Anyway, the point is, there's a lot of things that go into grade. I know you were trying to kind of fill me in on the meaning of the W, but I was aware of the "winter" rating, and didn't want to state something incorrect while at the same time, I wasn't originally planning on giving a class.
  7. Interesting data right there :nice:
  8. I wasn't trying to fill you in on the meaning of the W, and I didn't set out to post a technical treatise on viscosities. Your explanation regarding how quickly the viscosity would change left me a little....cold. :D
  9. The thing I think that people often forget is that the first set of numbers (15W for example) are a modification to whatever the weight of the base oil is.
  10. Yes, exactly.
  11. great info Chris...i like RP and so far my 333 stroker likes it too its been swimming in two quarts of 20/50 and three 10/30 each oil change for 23k miles now, valvetrain sounds quieter and smoother with two 20/50 mixed in i dont mind loses a hp or two for a happy engine
  12. I don't know if that's a good thing or not. :shrug: It's not a challenge or anything... I just don't know. :shrug:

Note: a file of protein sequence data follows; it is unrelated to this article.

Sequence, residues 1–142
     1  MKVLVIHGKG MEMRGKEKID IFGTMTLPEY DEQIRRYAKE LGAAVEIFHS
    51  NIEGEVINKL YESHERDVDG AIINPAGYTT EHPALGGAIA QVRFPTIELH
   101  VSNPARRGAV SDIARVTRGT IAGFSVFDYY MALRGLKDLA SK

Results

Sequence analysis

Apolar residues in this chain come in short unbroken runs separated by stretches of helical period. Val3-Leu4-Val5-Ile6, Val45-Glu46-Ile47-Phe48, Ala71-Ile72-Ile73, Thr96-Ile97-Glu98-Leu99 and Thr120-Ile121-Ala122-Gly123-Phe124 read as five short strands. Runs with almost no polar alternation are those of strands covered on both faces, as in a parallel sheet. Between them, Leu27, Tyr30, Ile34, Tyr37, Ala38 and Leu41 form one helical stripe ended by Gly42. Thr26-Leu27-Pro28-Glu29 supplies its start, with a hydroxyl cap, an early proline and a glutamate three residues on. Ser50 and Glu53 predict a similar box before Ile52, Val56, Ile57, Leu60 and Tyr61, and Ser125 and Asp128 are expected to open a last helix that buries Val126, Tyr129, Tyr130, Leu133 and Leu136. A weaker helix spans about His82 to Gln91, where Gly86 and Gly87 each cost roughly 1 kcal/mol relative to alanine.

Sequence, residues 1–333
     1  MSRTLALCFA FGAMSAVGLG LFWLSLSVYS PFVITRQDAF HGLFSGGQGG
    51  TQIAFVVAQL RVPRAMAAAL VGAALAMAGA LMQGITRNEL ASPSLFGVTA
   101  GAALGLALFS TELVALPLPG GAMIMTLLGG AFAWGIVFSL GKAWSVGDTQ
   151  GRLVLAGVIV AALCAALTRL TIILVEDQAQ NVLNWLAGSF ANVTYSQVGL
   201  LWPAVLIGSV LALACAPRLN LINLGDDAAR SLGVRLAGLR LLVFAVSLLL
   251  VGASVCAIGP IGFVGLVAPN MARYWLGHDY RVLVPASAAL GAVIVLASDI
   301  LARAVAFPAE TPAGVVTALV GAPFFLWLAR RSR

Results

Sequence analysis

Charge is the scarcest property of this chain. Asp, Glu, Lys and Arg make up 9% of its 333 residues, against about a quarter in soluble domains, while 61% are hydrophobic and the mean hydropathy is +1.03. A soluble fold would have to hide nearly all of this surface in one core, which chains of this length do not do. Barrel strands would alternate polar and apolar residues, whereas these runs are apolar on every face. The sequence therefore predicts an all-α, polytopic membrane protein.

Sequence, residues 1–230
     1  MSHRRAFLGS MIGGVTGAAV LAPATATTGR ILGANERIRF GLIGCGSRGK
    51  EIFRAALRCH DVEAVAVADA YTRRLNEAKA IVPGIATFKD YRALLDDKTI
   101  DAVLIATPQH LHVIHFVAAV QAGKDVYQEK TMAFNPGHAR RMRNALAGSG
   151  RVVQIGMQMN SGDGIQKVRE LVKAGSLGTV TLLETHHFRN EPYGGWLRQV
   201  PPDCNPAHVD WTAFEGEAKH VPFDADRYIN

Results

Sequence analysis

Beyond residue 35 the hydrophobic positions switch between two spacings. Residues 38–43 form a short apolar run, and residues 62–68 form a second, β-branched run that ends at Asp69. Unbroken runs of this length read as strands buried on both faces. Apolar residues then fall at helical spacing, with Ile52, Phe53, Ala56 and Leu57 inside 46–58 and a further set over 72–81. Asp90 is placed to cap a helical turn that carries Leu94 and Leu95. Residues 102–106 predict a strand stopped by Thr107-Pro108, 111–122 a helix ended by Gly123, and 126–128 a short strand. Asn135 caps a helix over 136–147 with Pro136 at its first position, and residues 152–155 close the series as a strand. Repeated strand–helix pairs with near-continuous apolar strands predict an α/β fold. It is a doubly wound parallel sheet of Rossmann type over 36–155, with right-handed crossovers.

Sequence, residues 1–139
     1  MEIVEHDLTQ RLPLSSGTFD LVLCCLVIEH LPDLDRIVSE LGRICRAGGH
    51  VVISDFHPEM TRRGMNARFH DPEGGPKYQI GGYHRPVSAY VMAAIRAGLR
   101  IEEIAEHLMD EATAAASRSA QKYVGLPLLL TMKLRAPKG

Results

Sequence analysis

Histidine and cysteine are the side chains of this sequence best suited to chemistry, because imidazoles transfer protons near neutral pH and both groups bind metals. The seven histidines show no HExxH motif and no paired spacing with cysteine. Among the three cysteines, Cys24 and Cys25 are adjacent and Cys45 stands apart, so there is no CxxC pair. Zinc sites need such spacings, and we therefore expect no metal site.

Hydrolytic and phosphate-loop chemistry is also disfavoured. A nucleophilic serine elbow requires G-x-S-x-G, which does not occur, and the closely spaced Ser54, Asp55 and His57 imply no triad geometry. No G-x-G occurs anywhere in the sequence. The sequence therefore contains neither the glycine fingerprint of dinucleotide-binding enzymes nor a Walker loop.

13. ....would that equal 15w-40???? :scratch::scratch::scratch:
  14. Well done Sir! winnerhearts.jpg

    2(20w50) + 3(10w30)= (40w100)+(30w90)=70w190
    70w190/5 quarts= 14w38 ........... or...........................

    Grabbin' Asphalt likes this.
  15. :spit:
  16. Assuming it would actually blend or just layer up???

    Like my answer however, ....It's Humpday, Whaut Whaut!!!

  17. ha ha ha whats my prize ........i know give ya beotch slap lol even tho now its thursday ...where i get my oil for a special price for me they never have 10w/40 wise assses great math tho lol

  18. yes it stays layered!! yes just like when u sqeeze out a load of rock hard turds 20W/50 directly followed by soft serve 10W/30 on top....no blending:crap:
    Grabbin' Asphalt likes this.